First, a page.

The Lehigh University Choral Arts, directed by Dr. Steven Sametz, explores the unique confluence of Arabic, Christian and Jewish cultures in 9th through 15th-century Andalusia on Friday and Saturday October 26, 27 at 8 pm.
“We are looking at the Sephardic, Arabic and Christian confluence in Al-andalus in 8th-15th century Iberia and more modern works – a mix of Arabic and European cultures,” explains Sametz. “The concert includes violinist Timothy Schwarz of Lehigh’s faculty, playing my Fantasia on Lamma bada yatathanna, which I composed for him last year (and he premiered in London) as well as my Three Mystical Choruses, written for premiere by Chanticleer in Symphony Hall in Chicago. Two pieces of Roustom’s Hot Tea, Mint and Olives and the finale of his Son of Man, an award-winning oratorio, combine with pieces sung by Syrian soprano Lubana Al Quntar, a world-class soprano who has recently left Syria and the music of the Arabic takht ensemble Al-Bustan.”
This performance includes guest artists the Arabic takht ensemble Al-Bustan directed by Hanna Khourey, Syrian soprano soloist Lubana al Quntar and composer-in-residence Emmy-nominated Kareem Roustom.
All four groups that form Lehigh University Choral Arts are included in this performance: the 56-mixed voice University Choir, the 150-voice town-gown Choral Union, the women’s ensemble Dolce, and the men’s Glee Club.
There will be four free lectures in conjunction with the performances
Wednesday, October 17 at 7pm, Dr. Lourdes Alvarez, a scholar specializing in Andalusian culture, will offer an overview of the period and the lively cultural exchange that existed in intellectual and artistic life in medieval Spain. This presentation entitled “The Ends of Tolerance: Medieval Spain and the Defenders of Pluralism” will be in Whitaker Lab at 7pm.
Kareem Roustom is an Emmy nominated composer who has composed music for film, television, the concert hall and album projects. Steeped in the musical traditions of the Near East and trained in Western music, Roustom is a musically bi-lingual composer who has collaborated with a wide variety of artists ranging from the Philadelphia Orchestra to Shakira.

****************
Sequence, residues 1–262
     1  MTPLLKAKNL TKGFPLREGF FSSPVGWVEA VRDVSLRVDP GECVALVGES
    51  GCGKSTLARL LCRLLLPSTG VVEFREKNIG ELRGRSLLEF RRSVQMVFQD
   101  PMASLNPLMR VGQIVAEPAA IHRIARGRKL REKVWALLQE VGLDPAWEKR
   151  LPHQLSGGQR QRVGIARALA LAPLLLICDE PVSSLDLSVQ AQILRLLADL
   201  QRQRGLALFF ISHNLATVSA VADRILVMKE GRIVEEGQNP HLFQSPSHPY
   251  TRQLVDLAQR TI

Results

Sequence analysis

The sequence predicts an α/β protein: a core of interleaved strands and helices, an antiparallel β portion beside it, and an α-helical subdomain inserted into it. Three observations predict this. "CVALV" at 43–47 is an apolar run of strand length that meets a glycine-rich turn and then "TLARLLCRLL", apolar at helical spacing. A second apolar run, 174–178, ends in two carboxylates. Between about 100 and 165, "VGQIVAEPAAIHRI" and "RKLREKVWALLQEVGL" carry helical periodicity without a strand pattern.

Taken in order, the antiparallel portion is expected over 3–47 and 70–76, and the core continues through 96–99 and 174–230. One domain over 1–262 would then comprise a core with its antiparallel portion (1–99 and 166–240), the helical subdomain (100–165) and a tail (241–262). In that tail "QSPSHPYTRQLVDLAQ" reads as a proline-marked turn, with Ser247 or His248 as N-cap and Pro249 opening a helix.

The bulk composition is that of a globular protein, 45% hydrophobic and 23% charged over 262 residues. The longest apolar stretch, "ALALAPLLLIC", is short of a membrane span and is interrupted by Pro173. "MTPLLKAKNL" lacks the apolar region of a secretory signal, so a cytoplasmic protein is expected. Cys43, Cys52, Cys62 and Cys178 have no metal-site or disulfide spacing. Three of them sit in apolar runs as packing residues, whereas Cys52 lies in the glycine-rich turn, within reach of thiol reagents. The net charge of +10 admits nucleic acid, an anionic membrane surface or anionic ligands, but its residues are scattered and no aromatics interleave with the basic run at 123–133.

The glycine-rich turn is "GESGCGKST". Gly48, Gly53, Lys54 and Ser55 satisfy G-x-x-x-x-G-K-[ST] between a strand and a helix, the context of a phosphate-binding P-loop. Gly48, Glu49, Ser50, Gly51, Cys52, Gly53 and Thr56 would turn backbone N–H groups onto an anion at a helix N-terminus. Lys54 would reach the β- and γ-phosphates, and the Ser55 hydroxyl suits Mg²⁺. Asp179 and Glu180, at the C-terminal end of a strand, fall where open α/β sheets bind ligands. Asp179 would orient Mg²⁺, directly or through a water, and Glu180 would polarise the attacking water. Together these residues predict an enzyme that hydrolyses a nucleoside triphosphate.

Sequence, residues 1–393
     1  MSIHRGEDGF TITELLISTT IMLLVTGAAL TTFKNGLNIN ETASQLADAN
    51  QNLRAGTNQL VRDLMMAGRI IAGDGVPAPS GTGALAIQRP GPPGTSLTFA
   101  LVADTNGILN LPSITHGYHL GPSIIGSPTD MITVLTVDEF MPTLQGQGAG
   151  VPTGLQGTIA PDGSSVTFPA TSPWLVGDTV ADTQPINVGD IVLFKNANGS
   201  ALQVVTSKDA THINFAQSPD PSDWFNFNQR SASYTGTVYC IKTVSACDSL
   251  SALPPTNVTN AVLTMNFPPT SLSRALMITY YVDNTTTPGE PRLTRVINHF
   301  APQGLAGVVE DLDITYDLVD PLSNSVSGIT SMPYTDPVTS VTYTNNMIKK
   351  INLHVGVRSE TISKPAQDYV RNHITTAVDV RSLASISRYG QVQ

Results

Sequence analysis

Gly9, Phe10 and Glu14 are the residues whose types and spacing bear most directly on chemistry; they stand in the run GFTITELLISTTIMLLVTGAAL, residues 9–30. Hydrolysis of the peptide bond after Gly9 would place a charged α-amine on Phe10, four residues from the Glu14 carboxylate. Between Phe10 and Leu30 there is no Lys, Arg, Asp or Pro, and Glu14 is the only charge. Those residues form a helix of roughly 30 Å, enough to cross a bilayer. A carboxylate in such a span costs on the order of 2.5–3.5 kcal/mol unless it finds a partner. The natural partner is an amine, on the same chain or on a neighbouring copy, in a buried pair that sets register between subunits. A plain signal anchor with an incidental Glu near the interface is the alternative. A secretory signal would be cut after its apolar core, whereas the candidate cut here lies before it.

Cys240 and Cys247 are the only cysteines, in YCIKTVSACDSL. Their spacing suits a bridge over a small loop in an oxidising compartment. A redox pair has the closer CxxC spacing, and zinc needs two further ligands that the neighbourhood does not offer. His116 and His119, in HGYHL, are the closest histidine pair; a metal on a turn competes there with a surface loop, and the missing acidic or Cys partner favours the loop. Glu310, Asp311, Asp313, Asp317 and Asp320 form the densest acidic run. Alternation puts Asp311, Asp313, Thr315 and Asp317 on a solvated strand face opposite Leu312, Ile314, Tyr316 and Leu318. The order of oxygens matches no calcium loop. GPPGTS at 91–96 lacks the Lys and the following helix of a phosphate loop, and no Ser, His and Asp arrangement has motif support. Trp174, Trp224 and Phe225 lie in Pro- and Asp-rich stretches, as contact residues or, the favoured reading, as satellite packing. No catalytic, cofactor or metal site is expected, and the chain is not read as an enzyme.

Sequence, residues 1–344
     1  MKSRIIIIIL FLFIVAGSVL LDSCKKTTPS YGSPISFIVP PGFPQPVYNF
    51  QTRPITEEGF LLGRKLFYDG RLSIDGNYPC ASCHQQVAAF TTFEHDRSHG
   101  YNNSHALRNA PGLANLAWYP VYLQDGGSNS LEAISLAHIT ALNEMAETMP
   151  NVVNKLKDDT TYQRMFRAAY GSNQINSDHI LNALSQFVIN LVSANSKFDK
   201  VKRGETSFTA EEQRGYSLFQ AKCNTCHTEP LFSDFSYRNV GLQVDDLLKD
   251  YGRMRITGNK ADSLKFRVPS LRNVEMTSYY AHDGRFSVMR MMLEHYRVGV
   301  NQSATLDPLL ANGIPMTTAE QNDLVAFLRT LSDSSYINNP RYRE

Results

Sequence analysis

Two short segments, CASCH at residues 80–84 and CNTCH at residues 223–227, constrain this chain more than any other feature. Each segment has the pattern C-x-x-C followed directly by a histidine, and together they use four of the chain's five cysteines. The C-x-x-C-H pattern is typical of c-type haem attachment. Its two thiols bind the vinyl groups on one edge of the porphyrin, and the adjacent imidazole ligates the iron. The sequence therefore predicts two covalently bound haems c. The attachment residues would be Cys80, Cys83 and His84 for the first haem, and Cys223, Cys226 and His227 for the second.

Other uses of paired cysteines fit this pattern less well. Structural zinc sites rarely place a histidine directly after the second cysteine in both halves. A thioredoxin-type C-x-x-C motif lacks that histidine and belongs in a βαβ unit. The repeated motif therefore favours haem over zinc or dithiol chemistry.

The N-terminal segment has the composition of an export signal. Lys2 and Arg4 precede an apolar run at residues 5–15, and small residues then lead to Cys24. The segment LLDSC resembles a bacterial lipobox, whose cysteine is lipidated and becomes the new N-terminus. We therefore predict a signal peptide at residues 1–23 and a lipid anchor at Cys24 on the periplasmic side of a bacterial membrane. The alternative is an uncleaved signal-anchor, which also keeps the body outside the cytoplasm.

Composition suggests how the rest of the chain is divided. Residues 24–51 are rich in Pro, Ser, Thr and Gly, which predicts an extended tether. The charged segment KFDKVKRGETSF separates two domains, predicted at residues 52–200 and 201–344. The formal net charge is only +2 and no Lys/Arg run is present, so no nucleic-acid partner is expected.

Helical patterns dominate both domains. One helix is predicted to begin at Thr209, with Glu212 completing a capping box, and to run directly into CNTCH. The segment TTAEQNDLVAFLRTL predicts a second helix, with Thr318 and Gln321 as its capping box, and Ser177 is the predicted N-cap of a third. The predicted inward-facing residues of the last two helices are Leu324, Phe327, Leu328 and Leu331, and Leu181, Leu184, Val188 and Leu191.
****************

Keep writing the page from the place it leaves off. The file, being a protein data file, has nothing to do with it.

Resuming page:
At 7pm, Lehigh University Professor Christine Kalleeny will speak on Arabic poetry and its influences with an interesting overview of an era where poets reigned supreme in aristocratic Al-Andalus in Whitaker Lab .
Wednesday, October 31 at 7pm, Lehigh University Professor Heather Coffey speaks on the influences of Arabic architecture in medieval Spain and the repercussions in later European styles in Whitaker Lab.
More about the guest artists:
Lubana Al Quntar studied at the University of Damascus, where her first teacher – Galina Khaldiave – was Russian. She then joined the Royal College of Music in London, where for a year she continued her training under Kenneth William and Graziella Sciutti as well as studying in France with Glood Miloni. Currently she is working at the Conservatory of Maastricht, under the direction of Mya Besselink. Lubana Al Quntar has performed with the Symphony Orchestra of Damascus. Since winning fourth prize at the International Song Competition of Belgrade, she has been invited to give concerts in Belgrade, Greece, London, France and the United States. She is a recent emigrée to the United States, since she was forced to leave her home die to the current unrest in Syria.
“Al-Bustan,” Arabic for “The Garden,” offers structured exposure to the language, art, architecture, music, dance, literature, and natural environment of the Arab world. Al-Bustan strives to promote understanding and respect among youth and adults of all ethnic, religious, and socio-economic backgrounds as well as within the diverse community of Arab-Americans. Within a welcoming educational environment, Al-Bustan supports the Arab-American community’s pursuit and affirmation of its cultural identity, while playing a constructive civic role within broader American society.
The Lehigh University Choral Union is dedicated to the preservation and practice of the art of choral singing. It has a repertoire spanning over six centuries and includes music from around the globe. The Choral Union provides an opportunity to explore the best in choral literature while fostering and improving vocal technique and artistry.
Tickets for The Jewel at the Center of the World are $18-5. Click here for
… or call 610-758-2787 (7LU-ARTS), visit Zoellner Ticket Services, Wednesday through Friday from 12-5 p.m., Tuesday 12-6 p.m., Saturday 1l a.m.-1 p.m., and 90 minutes before curtain. Student discounts are available.
The concert and lectures are supported by the Lehigh University Department of Music, the Lehigh University Center for Global Islamic Studies and Al-Bustan Seeds of Culture.